Usually, pickles are classified as "vinegar pickles" or "lacto-fermented" pickles. Vinegar pickles, unless canned in a hot water bath or pressure canner, are typically for short term consumption, and stored in the refrigerator. I would say less than a week. Lacto-fermented pickles go through a fermentation process that makes them edible for a much longer time. In addition, the taste of these two products is very different. For lacto-ferments, vinegar is not added. Most basically, it is just salt and vegetable (think cabbage --> sauerkraut, for example), but other ingredients, such as herbs and spices, can also be combined. For some vegetables a brine can be created first. It should be at least 2% salinity, but can be as high as 5%. Two to three percent is seen as a good place to be. There are plenty of questions about this topic on Seasoned Advice (use the search bar), and even more detail on the internets. You should do your research so that you are sure to create a safe product.

It is better to do this by weight, rather than volume. The type of salt you used would be important to know in this example, because different salts fill volumetric measures differently.

If is is table salt, 1/4 cup Morton's table salt = 76grams. 3 Cups water + 1 Cup vinegar = 946 grams. 76 * 100 / 946 = 8.03%. Of course, there is some water content in your vegetables, AND if you have used a different type of salt, it might not weigh the same. However, I would feel comfortable saying that from salinity perspective you are safe...probably too salty, but safe.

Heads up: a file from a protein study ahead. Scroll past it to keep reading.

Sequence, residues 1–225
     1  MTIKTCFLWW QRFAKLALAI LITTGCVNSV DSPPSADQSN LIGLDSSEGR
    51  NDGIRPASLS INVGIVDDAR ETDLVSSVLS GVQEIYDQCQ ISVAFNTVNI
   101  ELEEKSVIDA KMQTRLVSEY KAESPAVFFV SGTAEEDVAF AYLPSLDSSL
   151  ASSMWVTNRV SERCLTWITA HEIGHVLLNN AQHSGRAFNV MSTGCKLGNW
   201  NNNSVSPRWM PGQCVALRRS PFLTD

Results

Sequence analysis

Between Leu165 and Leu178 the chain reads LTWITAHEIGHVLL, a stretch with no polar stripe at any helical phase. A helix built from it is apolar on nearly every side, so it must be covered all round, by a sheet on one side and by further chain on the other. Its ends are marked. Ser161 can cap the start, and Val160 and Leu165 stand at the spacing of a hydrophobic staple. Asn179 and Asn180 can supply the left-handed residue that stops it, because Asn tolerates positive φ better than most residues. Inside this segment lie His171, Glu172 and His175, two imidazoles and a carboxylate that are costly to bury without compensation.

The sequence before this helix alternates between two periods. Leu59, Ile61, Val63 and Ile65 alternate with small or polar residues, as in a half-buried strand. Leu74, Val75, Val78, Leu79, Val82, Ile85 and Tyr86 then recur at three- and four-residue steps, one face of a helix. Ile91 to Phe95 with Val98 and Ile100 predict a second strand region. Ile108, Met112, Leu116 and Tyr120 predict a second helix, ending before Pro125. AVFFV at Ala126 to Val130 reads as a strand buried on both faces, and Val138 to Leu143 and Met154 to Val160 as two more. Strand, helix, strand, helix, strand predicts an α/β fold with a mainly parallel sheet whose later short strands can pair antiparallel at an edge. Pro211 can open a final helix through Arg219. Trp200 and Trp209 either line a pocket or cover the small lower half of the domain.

The only way to be absolutely certain of safety would be to look under a microscope. Other than that, off smells can be an indicator, mushy or slimy pickles should be avoided. Some surface mold can be removed, but brown or black mold should be avoided. Lacto-fermentation happens in the absence of air. So, be sure to keep your product submerged with a weight of some sort. Anything breaking the surface is susceptible to mold. Cloudiness is generally normal, and will often settle out. You might see a white layer at the bottom of the container.

The best advice I can give is to do some research, work cleanly, and measure with a scale.